Monday, May 20, 2024

Mapping end of history in Northern theatre

It’s the end of history for Tamil politics, they say — or the Tamil politics as we knew existed. Mapping out the details may be the role of the subject experts who know their ITAK from their TNA to a fault. I take a bow to DBS. Jeyaraj, Kumar David and others on that score.

But, does the August 2020 election signify the fact, as regards the Tamil political cohort that the more you try to control something, the more it controls you?

Tamil politicians had a streak of the control-freakishness in them no doubt. It may have been the legacy of the extent of control the late LTTE leader Velupillai Prabhakaran exercised over the Tamil people of the Northern and Eastern provinces.

The control by civilian politicians that followed was measured in terms of how the Tamil people, when they were asked by their leadership to jump, asked how high, and took off.

That ended, partly because Basil Rajapaksa the maestro of the SLPP victory this month had decided that the party led by the Rajapaksas and representing essentially the Sinhala nationalist sentiment, cannot lose any more.


So, clinically, every loophole and trapdoor that would possibly lead them to future election losses was identified, and closed shut. There were scores of things that were looked into, and there is a video of a meeting held by Basil Rajapaksa in which he addresses some of the rural party faithful and is seen telling them, poignantly, “we can’t lose elections anymore, period.”

Today’s political alignments and political appointments in the largely SLPP government are not happenstance. ‘Cannot lose anymore’ is written into the core of every detail of the post November 2019 governing paradigm of the SLPP. Gotabaya Rajapaksa’s apotheosis is in itself no doubt due to this strategy of closing shut any — any and all — possibilities of losing future polls.

There is your story or at least part of the story about why Tamil politics of control and domination by a largely absentee Tamil elite who stood for election in the provinces, largely ended in August, 2020.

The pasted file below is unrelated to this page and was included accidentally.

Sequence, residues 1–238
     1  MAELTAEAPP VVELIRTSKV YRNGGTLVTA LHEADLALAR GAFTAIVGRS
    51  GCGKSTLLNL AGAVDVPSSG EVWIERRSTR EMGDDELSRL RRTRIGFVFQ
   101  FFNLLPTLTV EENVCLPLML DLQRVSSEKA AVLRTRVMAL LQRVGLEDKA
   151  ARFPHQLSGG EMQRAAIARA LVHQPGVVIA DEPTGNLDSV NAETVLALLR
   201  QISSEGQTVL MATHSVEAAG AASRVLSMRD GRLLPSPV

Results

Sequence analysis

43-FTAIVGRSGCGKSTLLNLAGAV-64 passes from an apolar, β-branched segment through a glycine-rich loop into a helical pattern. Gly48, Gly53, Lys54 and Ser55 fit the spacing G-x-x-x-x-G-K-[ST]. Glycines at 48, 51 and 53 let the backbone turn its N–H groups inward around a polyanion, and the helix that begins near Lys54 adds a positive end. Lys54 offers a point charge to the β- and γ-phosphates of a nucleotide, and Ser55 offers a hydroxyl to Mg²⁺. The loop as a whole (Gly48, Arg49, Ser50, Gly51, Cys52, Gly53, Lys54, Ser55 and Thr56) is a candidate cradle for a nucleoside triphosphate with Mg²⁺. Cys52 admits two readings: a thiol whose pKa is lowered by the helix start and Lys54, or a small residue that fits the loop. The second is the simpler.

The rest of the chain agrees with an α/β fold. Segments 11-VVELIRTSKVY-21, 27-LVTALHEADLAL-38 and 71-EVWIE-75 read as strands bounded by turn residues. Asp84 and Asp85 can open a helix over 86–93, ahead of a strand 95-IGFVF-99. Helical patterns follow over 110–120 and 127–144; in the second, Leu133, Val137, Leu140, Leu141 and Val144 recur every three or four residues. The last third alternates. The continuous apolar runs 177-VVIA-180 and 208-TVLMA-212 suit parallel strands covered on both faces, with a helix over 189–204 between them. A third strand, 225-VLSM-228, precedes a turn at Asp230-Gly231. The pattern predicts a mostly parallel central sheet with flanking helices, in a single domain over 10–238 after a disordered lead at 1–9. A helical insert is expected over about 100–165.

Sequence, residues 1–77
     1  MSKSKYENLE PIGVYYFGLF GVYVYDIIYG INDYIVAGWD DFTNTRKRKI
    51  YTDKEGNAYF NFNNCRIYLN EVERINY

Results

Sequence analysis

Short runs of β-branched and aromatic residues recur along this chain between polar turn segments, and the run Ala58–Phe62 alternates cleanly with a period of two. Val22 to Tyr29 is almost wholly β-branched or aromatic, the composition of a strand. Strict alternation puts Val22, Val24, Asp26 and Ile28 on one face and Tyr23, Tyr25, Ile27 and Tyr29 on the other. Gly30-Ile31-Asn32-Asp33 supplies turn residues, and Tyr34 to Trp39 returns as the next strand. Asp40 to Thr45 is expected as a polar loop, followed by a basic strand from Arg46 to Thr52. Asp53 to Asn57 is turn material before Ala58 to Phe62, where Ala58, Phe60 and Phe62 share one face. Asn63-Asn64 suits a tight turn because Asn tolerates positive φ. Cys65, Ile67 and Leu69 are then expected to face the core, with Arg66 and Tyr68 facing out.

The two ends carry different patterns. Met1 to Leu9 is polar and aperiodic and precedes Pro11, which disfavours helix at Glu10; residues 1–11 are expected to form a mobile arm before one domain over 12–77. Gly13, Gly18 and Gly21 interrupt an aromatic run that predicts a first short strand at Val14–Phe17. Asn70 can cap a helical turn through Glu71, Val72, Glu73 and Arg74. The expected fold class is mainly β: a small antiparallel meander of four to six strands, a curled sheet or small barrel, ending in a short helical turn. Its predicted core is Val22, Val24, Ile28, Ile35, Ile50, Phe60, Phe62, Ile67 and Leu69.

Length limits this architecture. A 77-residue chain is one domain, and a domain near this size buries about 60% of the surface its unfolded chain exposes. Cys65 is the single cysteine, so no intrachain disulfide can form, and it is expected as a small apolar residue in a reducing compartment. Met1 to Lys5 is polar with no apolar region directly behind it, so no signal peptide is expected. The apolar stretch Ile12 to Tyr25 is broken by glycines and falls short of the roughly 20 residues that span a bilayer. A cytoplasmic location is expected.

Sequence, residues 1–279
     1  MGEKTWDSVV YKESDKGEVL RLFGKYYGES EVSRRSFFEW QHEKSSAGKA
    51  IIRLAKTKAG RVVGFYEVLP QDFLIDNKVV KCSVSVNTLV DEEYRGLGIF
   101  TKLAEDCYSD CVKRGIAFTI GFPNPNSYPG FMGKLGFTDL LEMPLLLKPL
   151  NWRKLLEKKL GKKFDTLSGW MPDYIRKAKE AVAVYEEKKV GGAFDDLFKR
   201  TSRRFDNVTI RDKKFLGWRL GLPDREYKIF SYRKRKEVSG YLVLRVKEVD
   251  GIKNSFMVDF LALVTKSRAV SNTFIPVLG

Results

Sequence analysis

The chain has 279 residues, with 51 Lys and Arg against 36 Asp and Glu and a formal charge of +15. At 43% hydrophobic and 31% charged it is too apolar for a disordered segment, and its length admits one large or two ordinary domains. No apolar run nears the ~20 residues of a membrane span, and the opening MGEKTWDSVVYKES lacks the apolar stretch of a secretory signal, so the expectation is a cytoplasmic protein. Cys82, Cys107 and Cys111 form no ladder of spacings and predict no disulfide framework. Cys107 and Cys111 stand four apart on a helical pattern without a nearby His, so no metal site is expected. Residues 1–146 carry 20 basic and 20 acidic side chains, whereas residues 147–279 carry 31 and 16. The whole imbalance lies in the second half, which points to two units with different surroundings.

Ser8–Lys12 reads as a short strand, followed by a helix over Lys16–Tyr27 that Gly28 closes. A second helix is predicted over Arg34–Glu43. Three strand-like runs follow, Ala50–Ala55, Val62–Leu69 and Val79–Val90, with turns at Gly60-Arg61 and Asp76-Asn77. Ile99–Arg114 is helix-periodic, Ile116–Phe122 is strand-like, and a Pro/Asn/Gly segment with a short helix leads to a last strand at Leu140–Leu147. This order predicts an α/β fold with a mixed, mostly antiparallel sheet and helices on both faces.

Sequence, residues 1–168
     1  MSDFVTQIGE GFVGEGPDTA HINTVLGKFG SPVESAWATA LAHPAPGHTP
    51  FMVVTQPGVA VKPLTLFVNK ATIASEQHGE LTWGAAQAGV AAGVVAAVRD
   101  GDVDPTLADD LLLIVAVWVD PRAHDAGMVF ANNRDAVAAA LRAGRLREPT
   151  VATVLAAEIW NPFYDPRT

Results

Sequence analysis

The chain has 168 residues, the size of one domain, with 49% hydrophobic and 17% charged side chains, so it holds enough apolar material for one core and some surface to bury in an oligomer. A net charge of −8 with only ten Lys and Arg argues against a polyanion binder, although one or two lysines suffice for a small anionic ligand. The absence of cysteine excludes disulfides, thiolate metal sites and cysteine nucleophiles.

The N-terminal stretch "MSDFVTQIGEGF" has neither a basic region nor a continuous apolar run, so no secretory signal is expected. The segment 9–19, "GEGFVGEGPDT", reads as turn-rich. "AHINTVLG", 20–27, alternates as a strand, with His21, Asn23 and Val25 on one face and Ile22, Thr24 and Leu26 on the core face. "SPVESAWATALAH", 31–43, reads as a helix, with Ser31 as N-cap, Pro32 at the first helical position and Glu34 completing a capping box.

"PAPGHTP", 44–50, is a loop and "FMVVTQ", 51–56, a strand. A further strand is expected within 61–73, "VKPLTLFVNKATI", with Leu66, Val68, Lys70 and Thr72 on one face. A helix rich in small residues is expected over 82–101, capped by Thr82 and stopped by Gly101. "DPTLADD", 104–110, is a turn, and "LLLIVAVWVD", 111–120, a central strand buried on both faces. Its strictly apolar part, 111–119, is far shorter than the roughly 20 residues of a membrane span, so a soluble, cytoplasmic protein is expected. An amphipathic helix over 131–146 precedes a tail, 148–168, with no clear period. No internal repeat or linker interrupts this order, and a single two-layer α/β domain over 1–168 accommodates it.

This, was waiting to happen, and if it happened courtesy Rajapaksa and the SLPP’s quest for a break in the monotony of Tamil politics, its genesis is owed to more natural developments.

After the conclusion of the battle against terrorism Tamil political history ended, and it had to end — that was inevitable. This is reminiscent of the politics of ‘youth’ after the macabre JVP troubles in 1989. It’s not an exact match, but how the obsession with youth politics ended in short order when the ’89 insurrection ended, has some parallels with the end of history for Tamil politics in August this year. A guilt-ridden government had youth problems on their mind when the ‘89 armed rebellion petered out. The government of the day appointed a so called Youth Commission which was rather undistinguished if not pedestrian, but these tasks were undertaken with such a sense of purpose that it was thought that youth politics will be the single important issue in the Sri Lankan political firmament for the next hundred years.


But the Youth Commission deliberated, society went into paroxysms of guilty atonement about the plight of young people, and then the Commission report gathered dust. Before one election cycle had ended, the obsession with youth politics had vanished to the extent that youth — as a collective — disappeared back into the woodwork, never to appear as a force with any reckoning in local politics in the future that followed.

After the conclusion of the battle against terrorism Tamil politics ended in the identical cul-de-sac, but there was a reason, and it was the way the Tamil political leadership considered the mass of provincial Tamil folk as part of the plantation. They were supposed to do what was dictated to them in the way slaves were supposed to carry out their masters’ bidding in the cotton plantations of the US. But plantation politics died on August 5, 2020, for the most part due to the arrogance of the Tamil political elite who essentially in demeanour demanded servility and near tribal obedience.